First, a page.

Many parents will consider purchasing a piano (or guitar, a few brave ones consider a drum set) at Christmas for their child with visions of Carnegie Hall and beautiful concerts. Some do this from a secret desire to sneak in a few stealthy attempts at the piano themselves while others genuinely are hoping to introduce the love of music to their child.
This past Tuesday afternoon, I had to take some time off from work to travel to the burial of a relative who died the day after Thanksgiving.
Taking a break from work Friday to recover from Thursday’s Thanksgiving feast, my family and I decided to brave the wilds of Dollywood to take in a few Christmas shows and build on the growing anticipation my 4-year-old has for Dec. 25.
Thanksgiving can be a very difficult time for many people who have had great losses in their lives. Financial loss, marital and relationship failures, and the stress “to be happy” seems to be compounded by holidays. Parents who have lost their child to death, or those who have an unfulfilled desire for children, seem to struggle the most during the holidays.
As a child Christmas was a magical time.
One of the great places I enjoy visiting from time to time is Charleston, S.C.
I was raised to always try and be respectful to others, and I think — for the most part — I’ve always been able to follow that rule.
Dear Doctor Littleton: Do you believe supplements really help any?
Nearly every little boy dreams of one day being a soldier. I can vividly remember running through a neighboring farm’s 100-acre woods with my friends — toy guns of all shapes and sizes slung over our shoulders, wearing camouflage clothing and face paint, pretending we were at war with invading communist forces from the dreaded U.S.S.R.
Almost eight years ago today was the worst day at the office I’ve ever had. Nov. 8, 2005 was a day that would change my life, and that of everyone in my hometown, LaFollette, forever.
I suppose the biggest story going on right now is the government shutdown. What I say now was written over a week ago and I'm sure circumstances have changed; for the better I pray.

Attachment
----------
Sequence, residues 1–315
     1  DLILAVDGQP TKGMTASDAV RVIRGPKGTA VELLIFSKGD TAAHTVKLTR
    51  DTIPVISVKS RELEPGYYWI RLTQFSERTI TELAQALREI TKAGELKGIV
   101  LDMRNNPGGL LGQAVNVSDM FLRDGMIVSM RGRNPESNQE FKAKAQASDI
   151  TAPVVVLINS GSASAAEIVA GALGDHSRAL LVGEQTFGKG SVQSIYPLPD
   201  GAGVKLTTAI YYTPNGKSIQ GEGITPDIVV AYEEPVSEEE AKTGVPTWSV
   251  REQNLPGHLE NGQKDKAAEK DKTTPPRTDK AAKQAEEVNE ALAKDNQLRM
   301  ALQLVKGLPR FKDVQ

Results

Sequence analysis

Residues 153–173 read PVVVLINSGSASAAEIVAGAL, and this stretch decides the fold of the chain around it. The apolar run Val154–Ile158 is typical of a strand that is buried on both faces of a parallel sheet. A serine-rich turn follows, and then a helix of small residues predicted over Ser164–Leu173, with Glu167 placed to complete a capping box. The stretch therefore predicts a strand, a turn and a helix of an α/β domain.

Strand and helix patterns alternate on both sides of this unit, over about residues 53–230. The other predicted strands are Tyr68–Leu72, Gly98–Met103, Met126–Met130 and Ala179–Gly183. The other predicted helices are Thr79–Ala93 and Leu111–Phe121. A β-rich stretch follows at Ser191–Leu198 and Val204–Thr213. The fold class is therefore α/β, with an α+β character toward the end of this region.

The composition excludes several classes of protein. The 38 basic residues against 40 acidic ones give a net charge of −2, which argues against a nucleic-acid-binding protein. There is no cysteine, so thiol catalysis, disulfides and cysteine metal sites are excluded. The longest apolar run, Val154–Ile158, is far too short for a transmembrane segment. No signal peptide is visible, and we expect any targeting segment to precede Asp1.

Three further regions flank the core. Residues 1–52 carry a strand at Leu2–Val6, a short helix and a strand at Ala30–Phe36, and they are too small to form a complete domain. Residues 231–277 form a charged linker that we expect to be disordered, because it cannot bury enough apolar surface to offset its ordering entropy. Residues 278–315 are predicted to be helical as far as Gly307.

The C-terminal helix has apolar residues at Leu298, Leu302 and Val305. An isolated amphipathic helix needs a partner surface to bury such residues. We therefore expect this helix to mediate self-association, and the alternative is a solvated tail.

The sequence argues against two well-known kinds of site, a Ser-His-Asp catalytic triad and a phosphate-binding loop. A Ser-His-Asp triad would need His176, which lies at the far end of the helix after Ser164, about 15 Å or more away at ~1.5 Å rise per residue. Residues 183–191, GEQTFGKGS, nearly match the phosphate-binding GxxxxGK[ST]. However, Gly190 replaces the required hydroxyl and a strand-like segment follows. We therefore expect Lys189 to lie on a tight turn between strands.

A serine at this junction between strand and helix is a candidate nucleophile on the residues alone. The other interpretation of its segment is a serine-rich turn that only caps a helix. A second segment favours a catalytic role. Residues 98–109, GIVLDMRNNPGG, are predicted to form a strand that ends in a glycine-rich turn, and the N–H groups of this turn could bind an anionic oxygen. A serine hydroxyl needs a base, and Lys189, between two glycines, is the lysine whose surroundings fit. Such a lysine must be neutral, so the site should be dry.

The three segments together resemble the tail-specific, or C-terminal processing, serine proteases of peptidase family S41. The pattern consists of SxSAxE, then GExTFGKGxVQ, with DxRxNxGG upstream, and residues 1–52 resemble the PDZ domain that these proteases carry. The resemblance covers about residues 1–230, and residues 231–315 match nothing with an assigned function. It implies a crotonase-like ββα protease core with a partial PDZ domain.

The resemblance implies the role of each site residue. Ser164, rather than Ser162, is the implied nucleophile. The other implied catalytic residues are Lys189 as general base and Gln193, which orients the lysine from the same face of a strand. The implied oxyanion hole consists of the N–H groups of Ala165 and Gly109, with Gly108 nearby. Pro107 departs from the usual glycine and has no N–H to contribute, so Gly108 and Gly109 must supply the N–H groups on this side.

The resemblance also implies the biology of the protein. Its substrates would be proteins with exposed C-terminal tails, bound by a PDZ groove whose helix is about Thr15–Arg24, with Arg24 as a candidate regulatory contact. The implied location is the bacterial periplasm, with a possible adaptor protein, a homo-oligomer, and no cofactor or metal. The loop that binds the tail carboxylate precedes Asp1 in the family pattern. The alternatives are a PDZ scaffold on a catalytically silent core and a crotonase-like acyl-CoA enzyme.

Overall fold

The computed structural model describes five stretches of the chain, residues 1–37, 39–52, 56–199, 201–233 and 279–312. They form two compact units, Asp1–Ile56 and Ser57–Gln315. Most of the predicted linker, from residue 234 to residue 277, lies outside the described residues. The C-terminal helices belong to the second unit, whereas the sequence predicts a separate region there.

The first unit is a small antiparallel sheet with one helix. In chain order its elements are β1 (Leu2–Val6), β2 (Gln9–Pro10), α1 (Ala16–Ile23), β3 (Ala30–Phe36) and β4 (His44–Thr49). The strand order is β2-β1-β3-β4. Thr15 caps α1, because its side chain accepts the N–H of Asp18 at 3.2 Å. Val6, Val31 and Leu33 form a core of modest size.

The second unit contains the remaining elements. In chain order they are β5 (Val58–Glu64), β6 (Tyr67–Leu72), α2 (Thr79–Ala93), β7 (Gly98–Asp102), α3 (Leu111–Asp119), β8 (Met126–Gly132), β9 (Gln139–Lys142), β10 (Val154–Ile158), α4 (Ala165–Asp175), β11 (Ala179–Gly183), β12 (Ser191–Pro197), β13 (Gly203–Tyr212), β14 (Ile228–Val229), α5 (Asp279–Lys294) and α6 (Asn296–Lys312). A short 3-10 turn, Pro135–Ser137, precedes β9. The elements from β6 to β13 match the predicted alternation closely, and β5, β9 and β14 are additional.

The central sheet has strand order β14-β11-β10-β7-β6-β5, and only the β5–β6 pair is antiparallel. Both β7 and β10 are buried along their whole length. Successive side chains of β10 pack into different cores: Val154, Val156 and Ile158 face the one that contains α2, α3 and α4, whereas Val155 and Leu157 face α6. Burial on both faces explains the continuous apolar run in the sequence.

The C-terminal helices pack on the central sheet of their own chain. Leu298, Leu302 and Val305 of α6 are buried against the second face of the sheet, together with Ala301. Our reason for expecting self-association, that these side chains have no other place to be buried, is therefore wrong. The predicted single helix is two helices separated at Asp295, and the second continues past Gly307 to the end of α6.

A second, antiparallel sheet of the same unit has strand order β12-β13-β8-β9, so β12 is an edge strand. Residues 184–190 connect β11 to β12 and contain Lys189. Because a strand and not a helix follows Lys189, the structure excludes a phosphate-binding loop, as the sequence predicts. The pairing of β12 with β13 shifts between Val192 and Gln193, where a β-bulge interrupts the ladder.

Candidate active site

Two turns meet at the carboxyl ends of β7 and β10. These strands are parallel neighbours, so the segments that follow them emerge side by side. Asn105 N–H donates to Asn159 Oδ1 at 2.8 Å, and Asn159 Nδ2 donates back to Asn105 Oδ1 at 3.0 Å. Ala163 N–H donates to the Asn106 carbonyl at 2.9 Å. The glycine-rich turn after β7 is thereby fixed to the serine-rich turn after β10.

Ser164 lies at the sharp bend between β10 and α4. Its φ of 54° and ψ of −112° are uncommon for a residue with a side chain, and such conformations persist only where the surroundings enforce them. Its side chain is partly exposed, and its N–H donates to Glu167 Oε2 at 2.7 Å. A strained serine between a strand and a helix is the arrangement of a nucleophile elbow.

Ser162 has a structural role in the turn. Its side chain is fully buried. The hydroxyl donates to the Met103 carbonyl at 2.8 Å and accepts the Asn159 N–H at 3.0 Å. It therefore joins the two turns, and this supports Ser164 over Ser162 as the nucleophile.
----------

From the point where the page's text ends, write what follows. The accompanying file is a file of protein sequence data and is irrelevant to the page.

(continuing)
Dear Doc Littleton, I saw this article that said exercise was as good as medicine. Can I stop all these pills now?
I have long been fascinated by the island country south of the U.S. called Cuba. You have probably heard me mention that I love Cuban food and have eaten at Cuban restaurants in Disney’s Pleasure Island and in Key West. Someday I would like to visit Cuba.
With the rise of Netflix and Redbox for people’s weekend entertainment needs, the neighborhood video store is quickly becoming an endangered species.
The most significant improvement I have seen a patient have in their own physical and mental health in the past 10 years is clearly through increasing the amount of activity they do each day.
New York state courts are taking an innovative step in dealing with human trafficking — they’re going to start treating most prostitutes as victims of trafficking, rather than as criminals.
Last week I received a call from Sue Rolen who called to tell me that while working in the Fair Garden Cemetery she had discovered the graves of a man that she believed to be a confederate veteran and his wife.
There are roughly 200,000 bariatric surgeries done in the United States every year, mostly in accredited medical centers. Think of it as two full Neyland Stadiums of patients losing weight from surgery.
I read in an article recently that men reach emotional maturity later than women, and that the average man hasn’t “grown up” until around age 32.
I’m not sure how many thousands of dollars were spent studying the behavioral patterns of specially chosen, hand-selected “specimens” to come up with these results, but had the researchers come to my wife, she could have saved them a lot of cash.
As I write this, the U.S. is “mulling” over whether or not they should attack Syria. Before I get into the meat of this piece, I’d like to ask a question first.
Why don’t we just scan everybody with a CT scan to screen for lung cancer?
This may sound like an off-beat story line this time but, this is actually factual and is taking place as we speak.
It was 50 years ago. Summer. I was 13 and through with baseball but was offered the chance to work at the ballpark as a scorekeeper, making $1.50 a game. Three games a night.
(This column was first published in 1987 and has run every year at this time since then.)
A person my age can look back on a life of missed opportunities, wasted chances. Would-be fortunes have been lost. A lot of “if onlys...” I’ve had my share. But I’ve had blessings.